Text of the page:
Treatments & Therapies

Refractive Surgery – Treatment, Effects & Risks

Refractive surgery

The term refractive surgery serves as a collective term for eye operations in which the total refractive power of the eye is changed. In this way, the patient no longer needs glasses or contact lenses.

What is Refractive Surgery?

Refractive surgery refers to all surgical procedures on the eye that lead to a change in the overall refractive power of the eye. With these procedures, it is possible to replace conventional visual aids such as glasses or contact lenses. Refractive surgery is considered effective and safe for the correction of refractive errors.

Refractive surgery began in the early 20th century. In the 30s, the first studies on modeling the cornea were made, which included experiments on radial keratomy to correct myopia. At that time, however, these procedures often had complications, such as scarring of the cornea. From 1978, radial keratomy was increasingly used in the USA and the USSR. In 1983, refractive correction using an excimer laser was described for the first time. The first treatment on humans took place in Berlin in 1987 with photorefractive keratomy (PRK).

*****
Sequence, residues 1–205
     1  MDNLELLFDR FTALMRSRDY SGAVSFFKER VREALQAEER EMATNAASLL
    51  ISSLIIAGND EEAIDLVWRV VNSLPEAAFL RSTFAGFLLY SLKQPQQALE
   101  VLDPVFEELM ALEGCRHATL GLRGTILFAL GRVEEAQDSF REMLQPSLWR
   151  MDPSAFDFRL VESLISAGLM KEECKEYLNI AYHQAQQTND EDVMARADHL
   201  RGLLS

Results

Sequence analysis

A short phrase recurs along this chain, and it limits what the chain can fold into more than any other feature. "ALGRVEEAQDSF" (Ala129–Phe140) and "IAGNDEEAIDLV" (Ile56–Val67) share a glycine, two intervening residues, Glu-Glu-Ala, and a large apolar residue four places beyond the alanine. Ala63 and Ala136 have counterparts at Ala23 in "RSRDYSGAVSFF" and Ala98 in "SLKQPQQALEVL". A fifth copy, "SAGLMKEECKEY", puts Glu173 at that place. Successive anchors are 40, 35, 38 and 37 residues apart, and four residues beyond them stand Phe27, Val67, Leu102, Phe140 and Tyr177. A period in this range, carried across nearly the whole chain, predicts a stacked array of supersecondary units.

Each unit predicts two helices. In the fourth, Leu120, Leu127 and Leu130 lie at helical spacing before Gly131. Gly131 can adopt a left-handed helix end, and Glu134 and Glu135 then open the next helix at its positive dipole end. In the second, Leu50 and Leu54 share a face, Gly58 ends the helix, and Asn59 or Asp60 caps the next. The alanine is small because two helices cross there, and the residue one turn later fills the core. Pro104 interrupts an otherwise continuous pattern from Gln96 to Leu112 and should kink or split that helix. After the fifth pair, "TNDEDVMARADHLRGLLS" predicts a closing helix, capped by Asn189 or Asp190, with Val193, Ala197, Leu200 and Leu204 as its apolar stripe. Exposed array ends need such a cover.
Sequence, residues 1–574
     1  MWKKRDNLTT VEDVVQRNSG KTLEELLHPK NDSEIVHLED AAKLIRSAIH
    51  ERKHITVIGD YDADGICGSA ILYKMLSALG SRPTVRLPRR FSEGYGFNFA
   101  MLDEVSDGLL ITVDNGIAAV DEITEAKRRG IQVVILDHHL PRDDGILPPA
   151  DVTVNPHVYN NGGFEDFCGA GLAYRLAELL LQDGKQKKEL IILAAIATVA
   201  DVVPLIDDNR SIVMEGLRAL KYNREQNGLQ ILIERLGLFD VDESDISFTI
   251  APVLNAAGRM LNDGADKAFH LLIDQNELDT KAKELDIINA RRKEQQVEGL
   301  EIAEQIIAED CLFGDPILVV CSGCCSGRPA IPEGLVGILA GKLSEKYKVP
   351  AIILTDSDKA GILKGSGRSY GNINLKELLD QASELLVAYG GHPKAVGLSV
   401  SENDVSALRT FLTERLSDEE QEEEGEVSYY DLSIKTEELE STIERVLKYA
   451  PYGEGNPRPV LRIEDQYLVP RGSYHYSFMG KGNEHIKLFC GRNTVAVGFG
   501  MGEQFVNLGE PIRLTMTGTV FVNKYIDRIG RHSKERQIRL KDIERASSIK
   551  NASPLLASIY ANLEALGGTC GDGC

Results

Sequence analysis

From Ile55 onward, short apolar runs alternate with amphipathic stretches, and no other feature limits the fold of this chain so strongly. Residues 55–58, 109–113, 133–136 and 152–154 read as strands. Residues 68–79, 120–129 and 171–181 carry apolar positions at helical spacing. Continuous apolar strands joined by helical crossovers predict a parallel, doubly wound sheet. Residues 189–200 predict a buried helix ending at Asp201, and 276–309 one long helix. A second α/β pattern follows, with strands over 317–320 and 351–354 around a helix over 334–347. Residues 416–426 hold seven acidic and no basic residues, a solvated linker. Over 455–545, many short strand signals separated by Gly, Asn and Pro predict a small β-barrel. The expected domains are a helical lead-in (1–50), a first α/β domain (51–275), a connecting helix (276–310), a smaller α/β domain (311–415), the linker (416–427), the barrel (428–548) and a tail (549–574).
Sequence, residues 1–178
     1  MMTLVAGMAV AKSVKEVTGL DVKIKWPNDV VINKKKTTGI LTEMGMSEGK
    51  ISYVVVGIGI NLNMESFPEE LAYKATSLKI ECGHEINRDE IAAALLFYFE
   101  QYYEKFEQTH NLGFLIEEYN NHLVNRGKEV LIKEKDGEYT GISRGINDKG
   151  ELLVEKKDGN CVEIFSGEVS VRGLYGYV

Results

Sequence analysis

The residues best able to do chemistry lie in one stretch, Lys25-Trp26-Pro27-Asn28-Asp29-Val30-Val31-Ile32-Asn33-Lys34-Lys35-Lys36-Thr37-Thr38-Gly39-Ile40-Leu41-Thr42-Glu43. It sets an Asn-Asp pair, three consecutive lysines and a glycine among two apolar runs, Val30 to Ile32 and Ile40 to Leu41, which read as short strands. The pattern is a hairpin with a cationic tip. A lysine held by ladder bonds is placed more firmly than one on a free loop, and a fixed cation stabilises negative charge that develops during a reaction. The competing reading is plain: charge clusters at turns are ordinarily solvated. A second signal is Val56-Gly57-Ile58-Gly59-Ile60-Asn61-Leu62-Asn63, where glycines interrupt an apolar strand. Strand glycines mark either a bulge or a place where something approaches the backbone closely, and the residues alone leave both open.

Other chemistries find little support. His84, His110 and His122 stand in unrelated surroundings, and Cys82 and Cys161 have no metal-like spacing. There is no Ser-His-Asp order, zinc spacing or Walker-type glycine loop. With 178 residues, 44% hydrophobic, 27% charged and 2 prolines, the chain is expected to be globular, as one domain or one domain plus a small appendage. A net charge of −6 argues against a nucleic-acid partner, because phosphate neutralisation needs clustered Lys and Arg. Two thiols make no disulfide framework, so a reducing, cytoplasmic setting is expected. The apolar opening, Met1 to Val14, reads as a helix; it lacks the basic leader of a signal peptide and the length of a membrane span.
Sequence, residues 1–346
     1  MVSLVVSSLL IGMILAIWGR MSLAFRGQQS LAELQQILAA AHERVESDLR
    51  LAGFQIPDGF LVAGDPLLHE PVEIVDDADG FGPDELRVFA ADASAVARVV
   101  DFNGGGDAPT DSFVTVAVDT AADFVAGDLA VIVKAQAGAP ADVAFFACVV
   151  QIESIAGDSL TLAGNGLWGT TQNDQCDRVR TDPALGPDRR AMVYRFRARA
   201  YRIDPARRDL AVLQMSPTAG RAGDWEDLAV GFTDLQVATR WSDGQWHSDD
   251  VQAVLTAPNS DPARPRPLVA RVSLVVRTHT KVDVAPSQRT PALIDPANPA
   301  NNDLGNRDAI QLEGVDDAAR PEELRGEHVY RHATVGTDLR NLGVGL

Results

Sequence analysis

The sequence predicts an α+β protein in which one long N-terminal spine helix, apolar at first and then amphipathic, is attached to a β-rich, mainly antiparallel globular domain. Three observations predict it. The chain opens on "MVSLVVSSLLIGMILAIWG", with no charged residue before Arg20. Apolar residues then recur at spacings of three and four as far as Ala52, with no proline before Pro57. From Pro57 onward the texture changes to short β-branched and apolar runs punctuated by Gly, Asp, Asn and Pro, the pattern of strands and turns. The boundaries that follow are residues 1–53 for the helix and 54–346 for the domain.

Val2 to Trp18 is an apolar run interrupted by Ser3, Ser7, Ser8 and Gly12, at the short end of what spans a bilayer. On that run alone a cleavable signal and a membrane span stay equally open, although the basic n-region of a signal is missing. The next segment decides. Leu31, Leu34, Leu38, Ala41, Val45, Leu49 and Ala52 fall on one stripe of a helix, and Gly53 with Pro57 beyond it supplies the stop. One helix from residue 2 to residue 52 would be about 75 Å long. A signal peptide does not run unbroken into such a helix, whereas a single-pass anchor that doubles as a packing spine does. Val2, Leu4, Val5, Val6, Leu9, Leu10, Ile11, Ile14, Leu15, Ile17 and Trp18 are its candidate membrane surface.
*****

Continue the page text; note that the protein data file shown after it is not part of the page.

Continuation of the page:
In the following years, the further development of this method to the LASEK process followed. From 1989, keratomileusis could be combined with the excimer laser method. The new method was named LASIK (laser in situ keratomileusis).

In Germany, around 0.2 percent of all Germans were treated by refractive surgery procedures. Every year, about 25,000 to 124,000 procedures take place. The trend is rising.

Function, impact & goals

Refractive surgery is used to correct refractive errors such as myopia, farsightedness and intentionality. An axial refractive visual defect occurs when the eyeball length and the focal length of the optical system do not match. Myopia is when the eyeball is too long to refractive the eye.

On the other hand, a too short eyeball leads to farsightedness (hyperopia). If different focal points are present in different meridians in the optical system of the eye, it is a astigmatism (astigmatism). With the help of refractive surgery methods, the overall refractive power of the optical system can be adjusted in such a way that the environment appears sharp on the retina. Either the refractive power of the cornea is changed or the eye lens is replaced or supplemented by implantation. The correction of the refractive power takes place by changing its curvature.

For this purpose, the ophthalmologist uses a laser to remove tissue or make defined incisions. The intraocular pressure leads to a changed shape. While short-sightedness achieves a reduction in refractive power, farsightedness increases the refractive power. However, presbyopia cannot be corrected with the help of refractive surgery. Thus, a therapeutic restoration of this refractive error is not possible.